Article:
Many foreign missionaries came to China in the 19th and 20th centuries and many of them were anxious to attract people to Christianity. They joined justification by faith to the concept of paradise and hell. And many Chinese, anxious to enter heaven, accepted this. The message of justification by faith was thereby changed: God did not care if your actions were just. God would not ask if you had been selfish or if you had sacrificed for others. God cared only if you believed or not. If you had been a believer in your life, then no matter how selfish or cruel you might have been, you would go to heaven when you died and enjoy eternal blessings. But if you had been an unbeliever, no matter how much you had done for others or for society, after death you went to hell, where the flames burned for eternity. These people advocated antinomianism, saying God cared nothing for people's good deeds. In this way they were denying the ethical content of the Bible and making God into a selfish (those who believe in me are good; those who do not are evil) God who makes no distinction between truth and falsehood, good and evil. This, of course, is not the view of God we find in the Bible.

There is a growing number of Chinese Christians today who find it hard to accept this idea of faith without works. As one pastor told me in his letter: "My conscience will not permit me to continue to say that non-believers will go to hell." The reason is simple. Looking at the many people like Zhang Side and Lei Feng who did not accept Christianity, yet sacrificed their lives for others, he has seen that they are of noble character. How can we tolerate the idea that they are now in hell? My attitude to all those co-workers and fellow Christians who have written to me, unafraid to tell me openly about the doubts they have hidden deep in their hearts of faith, is one of sympathy and understanding; I do not condemn them.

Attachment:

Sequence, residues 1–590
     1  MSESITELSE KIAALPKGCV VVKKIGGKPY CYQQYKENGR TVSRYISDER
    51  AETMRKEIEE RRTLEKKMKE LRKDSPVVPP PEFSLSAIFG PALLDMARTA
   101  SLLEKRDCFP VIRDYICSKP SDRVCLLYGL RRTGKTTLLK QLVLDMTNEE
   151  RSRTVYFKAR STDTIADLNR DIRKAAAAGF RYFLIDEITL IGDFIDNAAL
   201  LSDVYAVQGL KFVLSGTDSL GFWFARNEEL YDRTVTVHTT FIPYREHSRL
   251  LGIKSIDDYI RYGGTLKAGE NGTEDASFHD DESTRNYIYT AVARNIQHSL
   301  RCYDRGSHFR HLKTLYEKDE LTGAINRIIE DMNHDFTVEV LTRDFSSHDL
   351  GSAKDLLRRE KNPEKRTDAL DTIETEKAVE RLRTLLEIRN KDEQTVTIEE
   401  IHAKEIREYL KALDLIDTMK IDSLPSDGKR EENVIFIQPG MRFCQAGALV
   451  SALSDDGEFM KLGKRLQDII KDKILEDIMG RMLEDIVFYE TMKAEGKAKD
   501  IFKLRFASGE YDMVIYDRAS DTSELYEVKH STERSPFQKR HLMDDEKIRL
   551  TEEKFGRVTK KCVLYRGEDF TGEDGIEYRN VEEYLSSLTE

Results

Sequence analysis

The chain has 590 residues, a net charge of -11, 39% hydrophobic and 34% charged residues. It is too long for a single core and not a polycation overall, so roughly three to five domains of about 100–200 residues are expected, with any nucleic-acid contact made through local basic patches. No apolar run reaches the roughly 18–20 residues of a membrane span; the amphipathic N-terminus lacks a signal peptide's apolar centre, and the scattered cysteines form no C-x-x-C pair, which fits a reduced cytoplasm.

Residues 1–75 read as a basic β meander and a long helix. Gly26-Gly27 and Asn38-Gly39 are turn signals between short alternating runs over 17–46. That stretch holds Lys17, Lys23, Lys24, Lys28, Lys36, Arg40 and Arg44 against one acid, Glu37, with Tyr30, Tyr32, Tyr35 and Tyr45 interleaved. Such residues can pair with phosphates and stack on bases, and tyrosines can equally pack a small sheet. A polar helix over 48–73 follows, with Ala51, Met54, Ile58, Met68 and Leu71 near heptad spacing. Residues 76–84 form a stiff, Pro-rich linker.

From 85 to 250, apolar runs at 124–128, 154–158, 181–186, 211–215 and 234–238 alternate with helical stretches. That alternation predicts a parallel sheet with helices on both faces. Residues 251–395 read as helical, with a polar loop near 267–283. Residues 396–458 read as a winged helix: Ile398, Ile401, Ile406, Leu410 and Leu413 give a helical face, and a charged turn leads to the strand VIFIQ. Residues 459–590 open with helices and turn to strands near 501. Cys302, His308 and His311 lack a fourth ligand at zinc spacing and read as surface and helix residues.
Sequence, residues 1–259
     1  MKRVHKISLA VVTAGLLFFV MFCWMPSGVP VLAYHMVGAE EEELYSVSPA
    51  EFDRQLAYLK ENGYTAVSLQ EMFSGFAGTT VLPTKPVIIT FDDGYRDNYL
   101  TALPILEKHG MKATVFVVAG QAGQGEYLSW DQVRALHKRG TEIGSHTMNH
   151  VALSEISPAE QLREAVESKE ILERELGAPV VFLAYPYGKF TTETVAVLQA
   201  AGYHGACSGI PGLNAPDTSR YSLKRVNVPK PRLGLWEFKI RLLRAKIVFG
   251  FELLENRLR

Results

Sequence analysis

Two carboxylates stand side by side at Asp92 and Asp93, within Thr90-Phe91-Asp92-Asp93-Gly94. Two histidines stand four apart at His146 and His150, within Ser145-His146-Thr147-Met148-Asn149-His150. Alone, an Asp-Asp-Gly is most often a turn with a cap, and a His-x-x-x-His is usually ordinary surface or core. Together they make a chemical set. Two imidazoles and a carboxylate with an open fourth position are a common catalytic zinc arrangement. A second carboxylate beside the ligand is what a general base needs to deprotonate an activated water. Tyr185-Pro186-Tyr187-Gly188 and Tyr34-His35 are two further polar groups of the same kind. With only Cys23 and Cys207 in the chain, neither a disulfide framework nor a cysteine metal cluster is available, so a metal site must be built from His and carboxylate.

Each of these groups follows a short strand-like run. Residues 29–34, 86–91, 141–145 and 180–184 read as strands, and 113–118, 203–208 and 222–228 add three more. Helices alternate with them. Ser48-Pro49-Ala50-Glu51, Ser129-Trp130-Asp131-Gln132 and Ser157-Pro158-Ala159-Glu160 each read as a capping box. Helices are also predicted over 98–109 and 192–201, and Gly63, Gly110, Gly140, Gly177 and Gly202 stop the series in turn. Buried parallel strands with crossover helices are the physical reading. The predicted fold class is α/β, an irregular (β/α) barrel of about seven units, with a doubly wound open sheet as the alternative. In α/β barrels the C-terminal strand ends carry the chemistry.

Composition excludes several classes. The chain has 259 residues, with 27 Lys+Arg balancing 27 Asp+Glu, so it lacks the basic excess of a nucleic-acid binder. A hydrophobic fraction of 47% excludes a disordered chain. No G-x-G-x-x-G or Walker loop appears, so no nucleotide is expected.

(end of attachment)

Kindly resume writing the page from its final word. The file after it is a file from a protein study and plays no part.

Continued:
I believe that the God shown forth in Christ is a God of love. This attribute of love comes before and above all other attributes of God. This view of God does not allow me to make God so cruel and brutal that God could send millions of people to the eternal flames of hell. Imagine how many new lives are brought into this world each day at a single maternity hospital in one of our cities and the indescribable joy of their parents. God certainly knows that many of these will not be believers, yet every moment he creates more new lives. If what awaits most of them some decades along the road is eternal hellfire, then God is not a God of love. This is a God more like the King of Hell feared by so many in Chinese folk religions. Have we Christians been influenced by such beliefs, that we think of our God in this way?

Einstein pointed out that the development from a religion of fear to one of ethics is an important step forward in the evolutionary history of religion.